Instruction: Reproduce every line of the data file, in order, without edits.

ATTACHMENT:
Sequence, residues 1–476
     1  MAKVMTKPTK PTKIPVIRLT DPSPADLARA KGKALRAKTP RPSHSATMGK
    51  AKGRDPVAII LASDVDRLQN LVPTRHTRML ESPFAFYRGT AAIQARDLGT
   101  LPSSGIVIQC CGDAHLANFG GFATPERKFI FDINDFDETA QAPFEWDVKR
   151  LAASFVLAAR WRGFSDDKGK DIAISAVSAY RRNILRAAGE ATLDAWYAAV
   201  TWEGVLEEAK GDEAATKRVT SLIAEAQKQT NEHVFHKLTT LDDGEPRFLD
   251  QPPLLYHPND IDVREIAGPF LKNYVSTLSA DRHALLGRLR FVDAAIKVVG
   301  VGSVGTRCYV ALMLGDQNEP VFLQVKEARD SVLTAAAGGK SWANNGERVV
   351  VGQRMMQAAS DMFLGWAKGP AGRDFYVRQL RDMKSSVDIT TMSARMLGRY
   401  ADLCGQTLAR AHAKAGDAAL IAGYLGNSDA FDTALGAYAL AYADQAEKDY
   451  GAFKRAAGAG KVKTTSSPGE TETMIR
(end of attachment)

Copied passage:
Sequence, residues 1–476
     1  MAKVMTKPTK PTKIPVIRLT DPSPADLARA KGKALRAKTP RPSHSATMGK
    51  AKGRDPVAII LASDVDRLQN LVPTRHTRML ESPFAFYRGT AAIQARDLGT
   101  LPSSGIVIQC CGDAHLANFG GFATPERKFI FDINDFDETA QAPFEWDVKR
   151  LAASFVLAAR WRGFSDDKGK DIAISAVSAY RRNILRAAGE ATLDAWYAAV
   201  TWEGVLEEAK GDEAATKRVT SLIAEAQKQT NEHVFHKLTT LDDGEPRFLD
   251  QPPLLYHPND IDVREIAGPF LKNYVSTLSA DRHALLGRLR FVDAAIKVVG
   301  VGSVGTRCYV ALMLGDQNEP VFLQVKEARD SVLTAAAGGK SWANNGERVV
   351  VGQRMMQAAS DMFLGWAKGP AGRDFYVRQL RDMKSSVDIT TMSARMLGRY
   401  ADLCGQTLAR AHAKAGDAAL IAGYLGNSDA FDTALGAYAL AYADQAEKDY
   451  GAFKRAAGAG KVKTTSSPGE TETMIR